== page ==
We are going down the road, together, sitting in the car. You are driving and I am in the passenger seat. When I look out my window I see the woods, some litter, a stream, perhaps an animal. When you look out your window, you see the road, the yellow lines, big trucks.
We are in the same space, going in the same direction, but we see two different worlds outside our windows.
This, my friends, is why it can be so hard to get along with each other, even and sometimes especially with the people we love the most: we are each having a surprisingly unique, specific-to-us experience of this life. It can be very confusing.
And also, I believe, why it is so important that we take the time to hear each other's stories. I have come to believe that it is in the richness of our personal narratives where we find the salvation that will give us the courage to hold hands as we walk through this difficult life.
I don't know why roses smell good to you and awful to me. I don't know why I dislike cats and love hiking. I have no idea what would make you want to spend your life adding up numbers or why your dream is to visit New Zealand. Those things don't make sense to me, but if I hold your story in a place of curiosity, then you might teach me something.
And what better way is there to live than to learn and learn and learn?
I have spent a lot of energy in this life trying to get people to see the world my way. Trying to advance my clearly superior POV. It's exhausting. And futile. Comical, really.
I was back at the pulpit yesterday after two weeks away, and it felt great. I have such an intriguing sense of belonging there, in front of the church. To be sure, I miss pew-sitting and stained-glass window-gazing, but I feel that God may have been correct in leading me, confused, laughing and nervous, to the Pawlet Community Church. My story, many days, doesn't make any sense to me; I can't imagine how it feels to those who know me, or what kind of reaction they get when they talk about me out in the world. Still, it's my story and I love it.
My niece got married the other day, which is usually a cause for celebration, ceremony, a lot of whoop-whoop. This wedding happened quietly, privately, so that she and her husband could head to California where he will begin his time in service to our country as a Marine. Clare will start college there. Last summer she attended a National Student Leadership conference on health and medicine at UC Berkeley and discovered that she very much liked California.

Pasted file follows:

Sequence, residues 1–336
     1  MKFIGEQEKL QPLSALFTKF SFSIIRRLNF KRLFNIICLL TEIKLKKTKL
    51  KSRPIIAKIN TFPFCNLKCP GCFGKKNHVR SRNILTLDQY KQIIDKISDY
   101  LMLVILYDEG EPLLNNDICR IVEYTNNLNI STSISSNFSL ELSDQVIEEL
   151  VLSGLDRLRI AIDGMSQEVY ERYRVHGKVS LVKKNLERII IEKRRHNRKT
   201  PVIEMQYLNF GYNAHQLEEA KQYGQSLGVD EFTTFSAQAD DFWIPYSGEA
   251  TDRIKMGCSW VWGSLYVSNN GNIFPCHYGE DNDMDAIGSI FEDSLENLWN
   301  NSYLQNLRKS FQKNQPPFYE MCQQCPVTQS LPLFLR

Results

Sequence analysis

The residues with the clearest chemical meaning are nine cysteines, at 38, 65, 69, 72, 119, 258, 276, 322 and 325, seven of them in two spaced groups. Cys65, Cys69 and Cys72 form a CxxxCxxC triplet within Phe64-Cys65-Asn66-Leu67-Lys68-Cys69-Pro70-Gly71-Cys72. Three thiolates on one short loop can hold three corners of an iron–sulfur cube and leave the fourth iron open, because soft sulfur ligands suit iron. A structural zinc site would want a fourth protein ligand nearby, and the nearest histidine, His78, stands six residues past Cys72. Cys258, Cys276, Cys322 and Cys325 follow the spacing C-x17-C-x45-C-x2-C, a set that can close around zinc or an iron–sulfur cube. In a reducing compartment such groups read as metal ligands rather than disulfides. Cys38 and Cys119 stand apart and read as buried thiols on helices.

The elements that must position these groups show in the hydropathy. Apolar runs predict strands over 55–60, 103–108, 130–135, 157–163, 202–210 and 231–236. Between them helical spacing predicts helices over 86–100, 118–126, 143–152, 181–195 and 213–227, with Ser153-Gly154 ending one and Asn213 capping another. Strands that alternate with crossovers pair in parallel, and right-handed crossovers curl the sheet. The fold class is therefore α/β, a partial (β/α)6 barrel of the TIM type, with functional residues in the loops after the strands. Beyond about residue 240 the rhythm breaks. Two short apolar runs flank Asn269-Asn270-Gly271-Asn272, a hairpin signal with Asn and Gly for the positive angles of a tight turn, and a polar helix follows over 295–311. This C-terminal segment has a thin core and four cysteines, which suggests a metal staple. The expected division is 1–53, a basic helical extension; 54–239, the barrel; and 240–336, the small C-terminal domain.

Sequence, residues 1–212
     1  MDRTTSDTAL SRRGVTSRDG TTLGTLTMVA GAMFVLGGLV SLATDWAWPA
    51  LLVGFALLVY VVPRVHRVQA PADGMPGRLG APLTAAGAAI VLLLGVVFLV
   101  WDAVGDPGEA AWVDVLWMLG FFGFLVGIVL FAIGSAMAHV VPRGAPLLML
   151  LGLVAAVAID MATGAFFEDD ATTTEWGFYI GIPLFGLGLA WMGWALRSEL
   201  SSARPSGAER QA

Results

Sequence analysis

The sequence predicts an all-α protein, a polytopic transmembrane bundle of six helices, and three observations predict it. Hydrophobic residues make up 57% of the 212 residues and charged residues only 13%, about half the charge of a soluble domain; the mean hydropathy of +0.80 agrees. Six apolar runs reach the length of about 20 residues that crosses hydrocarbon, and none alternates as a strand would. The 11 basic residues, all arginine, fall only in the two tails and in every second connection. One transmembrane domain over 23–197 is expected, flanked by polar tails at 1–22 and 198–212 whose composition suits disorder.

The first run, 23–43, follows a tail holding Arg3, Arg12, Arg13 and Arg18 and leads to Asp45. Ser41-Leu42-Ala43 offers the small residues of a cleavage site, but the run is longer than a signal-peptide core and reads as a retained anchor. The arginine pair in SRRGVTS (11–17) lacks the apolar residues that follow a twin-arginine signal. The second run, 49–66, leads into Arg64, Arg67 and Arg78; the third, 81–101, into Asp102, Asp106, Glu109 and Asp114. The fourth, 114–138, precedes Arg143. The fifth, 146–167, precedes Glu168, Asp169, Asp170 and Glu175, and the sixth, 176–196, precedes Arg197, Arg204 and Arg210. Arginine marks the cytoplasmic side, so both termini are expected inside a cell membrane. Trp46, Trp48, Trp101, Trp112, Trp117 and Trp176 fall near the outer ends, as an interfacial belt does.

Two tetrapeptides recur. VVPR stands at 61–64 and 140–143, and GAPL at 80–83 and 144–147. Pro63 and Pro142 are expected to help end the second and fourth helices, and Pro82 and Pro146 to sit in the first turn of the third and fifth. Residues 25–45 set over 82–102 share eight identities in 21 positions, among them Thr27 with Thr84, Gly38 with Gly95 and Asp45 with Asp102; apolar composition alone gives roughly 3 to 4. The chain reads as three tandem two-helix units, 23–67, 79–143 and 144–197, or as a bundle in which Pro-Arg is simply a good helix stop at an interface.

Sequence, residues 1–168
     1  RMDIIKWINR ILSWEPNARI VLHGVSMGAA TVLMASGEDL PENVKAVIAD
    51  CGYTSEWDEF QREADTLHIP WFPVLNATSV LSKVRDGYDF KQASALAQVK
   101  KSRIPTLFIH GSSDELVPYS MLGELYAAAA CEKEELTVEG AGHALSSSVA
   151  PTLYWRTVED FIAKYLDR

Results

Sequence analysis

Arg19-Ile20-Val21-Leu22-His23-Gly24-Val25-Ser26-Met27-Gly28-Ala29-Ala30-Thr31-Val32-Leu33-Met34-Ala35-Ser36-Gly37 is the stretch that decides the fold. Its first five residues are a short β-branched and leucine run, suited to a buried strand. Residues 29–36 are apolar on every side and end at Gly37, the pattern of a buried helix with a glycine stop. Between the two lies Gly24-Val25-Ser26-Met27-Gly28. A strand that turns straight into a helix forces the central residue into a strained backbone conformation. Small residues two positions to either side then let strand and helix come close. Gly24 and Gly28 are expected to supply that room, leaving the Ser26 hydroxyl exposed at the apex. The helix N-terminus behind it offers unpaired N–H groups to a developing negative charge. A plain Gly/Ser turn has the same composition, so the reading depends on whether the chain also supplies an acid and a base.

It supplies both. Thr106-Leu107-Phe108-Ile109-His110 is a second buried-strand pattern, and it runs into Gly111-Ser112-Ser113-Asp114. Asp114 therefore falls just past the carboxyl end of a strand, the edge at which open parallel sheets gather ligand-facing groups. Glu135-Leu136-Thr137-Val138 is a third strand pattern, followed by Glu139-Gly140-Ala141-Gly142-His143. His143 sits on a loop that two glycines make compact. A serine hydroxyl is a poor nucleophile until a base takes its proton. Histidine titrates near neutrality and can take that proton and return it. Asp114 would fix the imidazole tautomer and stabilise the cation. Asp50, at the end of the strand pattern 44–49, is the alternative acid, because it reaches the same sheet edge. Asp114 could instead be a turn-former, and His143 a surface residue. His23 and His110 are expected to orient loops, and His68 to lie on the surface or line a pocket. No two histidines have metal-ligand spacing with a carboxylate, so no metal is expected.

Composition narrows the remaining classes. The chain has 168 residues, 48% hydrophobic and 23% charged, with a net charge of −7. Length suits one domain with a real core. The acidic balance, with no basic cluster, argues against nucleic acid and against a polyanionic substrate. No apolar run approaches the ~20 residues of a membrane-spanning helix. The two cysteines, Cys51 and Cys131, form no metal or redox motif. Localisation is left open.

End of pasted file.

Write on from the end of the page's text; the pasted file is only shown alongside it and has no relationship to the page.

There has been a fair amount of hand-wringing around this as Clare is 18 years old; everyone is digesting this information differently. I have made mention that their story mirrors another one I know pretty well: my parents got married very young, then headed off to an Air Force base to begin what has turned out to be, so far, fifty-four years of married life.
Let's face it: there is no way to know whether or not a marriage will take hold and last. Most of the people I know have been divorced, some more than once. Some are getting divorced, and a bunch are unhappy within their marriages. Getting married at 18 seems risky, but I don't think we've nailed the secret formula when it comes to happiness in love or marriage. I wish them well, I hope their joy sustains. I am not willing to discount their ideas simply because they are young. I know enough to know that age doesn't guarantee stability in love or accumulation of wisdom. Why not take the risk? Godspeed to Clare and Matt and may all their dreams become realities.
Your window; my window.
My sons are both colorblind. When I see a yellow car, Sam sees green, or what he thinks might be green. We see it differently. Is one way right or wrong?
We are all going down the road together. We are sitting together in the car of life. Sometimes you are driving, sometimes I am napping, sometimes we are quiet, listening to music together. Sometimes we are talking about what lies ahead, sometimes we are sharing what came before. But we are all in the car, we are. And there are streams and big trucks. And there are woods and yellow lines. There are pastors and pew-sitters. There are first marriages at 58 and first marriages at 18. There are yellow cars and green cars.
The best part? We are all in the car, on the road, together.